I did the same thing with the brain, though, pushing it far beyond what the wiring could take, setting off seizure after seizure because, hell, that’s what writers do. That wasn’t a great idea, but there were no old epileptic writing geezers to say don’t do what I did, the ones that had done what they did were in institutions or hiding in bedrooms or medicated all to holy fuck and you never see those guys anyway. So I just pushed the limits. Paid for it. Still paying for it. Got some mighty pretty writing done, though, there’s that. And it’s never been dullsville. Weird maybe, but never dull. Ha.
Then the next day….
A lot of this thing was me having a ball writing rhythmically berserk sentences that any editor worth their Strunk and White would feel an overwhelming urge to correct, the high point of which was “You even relish the hurt, because it brings back younger, stronger, fitter times, and how goddam much you dug doing all the things you’re paying for now, as you knew you would, the big old beat up geezers would warn you, don’t do what I did, as if you ever would do anything else, hell, you wouldn’t have changed a single thing” which has all the grace and beauty of a drunk falling down the stairs. I was just letting that fucker roll, it kept tumbling, word after word, breaking all the rules and finally ending on a thing, one of my favorite words, though I couldn’t tell you why. That’s the fun way to write, just let the words roll out on their own, they’ll get somewhere eventually, and when they do just put a period down and hot damn, you got yourself a sentence. Also, I’d like to take credit for medicated all to holy fuck, but that’s actually Shakespeare.
You know you’re a loser when you realize you’ve been binge watching eight hours of Richard Norton Smith interviews on C-SPAN. Well, technically it’s American History TV, just like watching writers on C-SPAN is technically BookTV, but come on, it’s C-SPAN. I mean who’s kidding who. It’s a nice break from watching hockey shows, anyway. At some point I realized I’d been listening to a Hermeto Paschoal album while watching American History TV—OK, C-SPAN—and halfway through “Sereiarei” Hermeto’s got this whole cacophony of geese and pigs and cows and goats and chickens playing with the band and Richard Norton Smith is talking about Millard Fillmore and it was zen as fuck.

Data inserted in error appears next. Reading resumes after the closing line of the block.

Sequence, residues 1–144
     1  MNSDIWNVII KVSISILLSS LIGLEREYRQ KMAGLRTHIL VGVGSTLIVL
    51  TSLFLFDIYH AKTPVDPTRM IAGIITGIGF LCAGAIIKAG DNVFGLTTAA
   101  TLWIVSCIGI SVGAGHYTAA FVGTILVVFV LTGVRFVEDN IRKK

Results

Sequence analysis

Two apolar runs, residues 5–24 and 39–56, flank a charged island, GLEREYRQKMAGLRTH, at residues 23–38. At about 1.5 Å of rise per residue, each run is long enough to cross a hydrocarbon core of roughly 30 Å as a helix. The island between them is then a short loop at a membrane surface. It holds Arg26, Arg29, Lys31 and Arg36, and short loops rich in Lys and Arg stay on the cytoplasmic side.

The retired life.
(from sometime in 2020) . . . . The eight o’clock howls began tonight with the shriek of a woman and some crazed percussion on a ceramic pot followed by scattered shouts and shrieks and whistles and ululations and frantic beating on bongos and boxes and beer bottles till literally hundreds of unseen voices join in, welling up from the hills like a drunken audience demanding an encore and then, suddenly, it ends and all is silence again.
I remember standing across the street for the longest time watching pages from a zillion books billowing from the library building and flutter on fire through the air till they disintegrated. Words were falling upon us like rain, you could catch them on your hand and they’d dissolve. One fluttered down and landed on my hand, a corner of a very old page bearing a few fragments of sentences and quote marks. Some one was saying something, but the words turned to ash in my palm, and I never knew what or who.
In the wee hours of the morning I was sleepily walking through the kitchen with my arms full of laundry when the sinuses set off a sudden spell of vertigo which combined with my trick knee sent me tumbling backwards with all the grace and power of a falling redwood tree. Crash, then silence. I guess the knee isn’t as good as I thought, I said aloud, and laid there a second as I’ve done after a hundred falls, making sure I could feel and move everything. Nothing was broken save my wife’s tub of bird seed which kept my head from slamming into the wall. I will buy her a new one. Realizing everything was sound—limbs, back, brain, jewels—I clambered back up, took the day’s clothes I had left in a neat little pile on the counter mid fall and tossed them in the laundry basket and made my way without any more gravity issues towards the bed. She was sound asleep. Nothing wakes her up, not even crashing redwood trees. You’re going to hurt tomorrow I told myself, and I was right.
I had promised a doctor I wouldn’t fall down anymore. You can break a hip, she said. I didn’t tell her I’ve fallen those hundred times or more over a lifetime, that I fall like a stuntman, that I’ve never broken anything. I’ve been lucky, I said.